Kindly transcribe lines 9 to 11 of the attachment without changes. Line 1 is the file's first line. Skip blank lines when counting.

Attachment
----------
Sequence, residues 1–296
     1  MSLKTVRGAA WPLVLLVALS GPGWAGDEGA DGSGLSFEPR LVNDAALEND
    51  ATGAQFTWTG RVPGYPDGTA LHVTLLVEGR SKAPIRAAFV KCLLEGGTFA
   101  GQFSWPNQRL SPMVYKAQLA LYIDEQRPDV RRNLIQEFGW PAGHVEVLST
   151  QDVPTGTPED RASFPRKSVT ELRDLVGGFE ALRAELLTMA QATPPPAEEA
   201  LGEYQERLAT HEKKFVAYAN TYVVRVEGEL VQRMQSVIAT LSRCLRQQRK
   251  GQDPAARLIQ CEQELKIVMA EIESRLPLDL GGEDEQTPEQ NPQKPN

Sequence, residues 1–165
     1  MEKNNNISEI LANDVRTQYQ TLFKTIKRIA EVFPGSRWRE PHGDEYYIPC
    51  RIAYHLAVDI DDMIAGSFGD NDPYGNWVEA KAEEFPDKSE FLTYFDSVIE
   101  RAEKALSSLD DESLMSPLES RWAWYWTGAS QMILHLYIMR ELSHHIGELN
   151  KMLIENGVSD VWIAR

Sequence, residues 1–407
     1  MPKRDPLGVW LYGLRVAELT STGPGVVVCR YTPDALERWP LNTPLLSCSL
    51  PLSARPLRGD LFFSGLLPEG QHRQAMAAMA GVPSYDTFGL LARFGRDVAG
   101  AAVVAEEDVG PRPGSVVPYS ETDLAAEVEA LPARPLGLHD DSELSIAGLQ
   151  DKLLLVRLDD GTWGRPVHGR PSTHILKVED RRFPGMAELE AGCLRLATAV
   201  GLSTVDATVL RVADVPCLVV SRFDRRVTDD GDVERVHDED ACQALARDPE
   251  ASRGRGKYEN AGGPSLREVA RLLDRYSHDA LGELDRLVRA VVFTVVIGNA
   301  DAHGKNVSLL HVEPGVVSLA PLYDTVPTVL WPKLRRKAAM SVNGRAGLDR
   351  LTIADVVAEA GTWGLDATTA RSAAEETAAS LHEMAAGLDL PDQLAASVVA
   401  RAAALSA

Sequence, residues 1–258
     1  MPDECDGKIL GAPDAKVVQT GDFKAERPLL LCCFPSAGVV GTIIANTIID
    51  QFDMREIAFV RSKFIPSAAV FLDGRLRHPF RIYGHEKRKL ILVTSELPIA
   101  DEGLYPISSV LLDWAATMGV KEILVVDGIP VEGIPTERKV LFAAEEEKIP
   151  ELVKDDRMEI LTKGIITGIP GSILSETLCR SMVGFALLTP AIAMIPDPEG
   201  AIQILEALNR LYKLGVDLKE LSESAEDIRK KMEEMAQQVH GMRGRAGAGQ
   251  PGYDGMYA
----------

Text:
     1  MEKNNNISEI LANDVRTQYQ TLFKTIKRIA EVFPGSRWRE PHGDEYYIPC
    51  RIAYHLAVDI DDMIAGSFGD NDPYGNWVEA KAEEFPDKSE FLTYFDSVIE
   101  RAEKALSSLD DESLMSPLES RWAWYWTGAS QMILHLYIMR ELSHHIGELN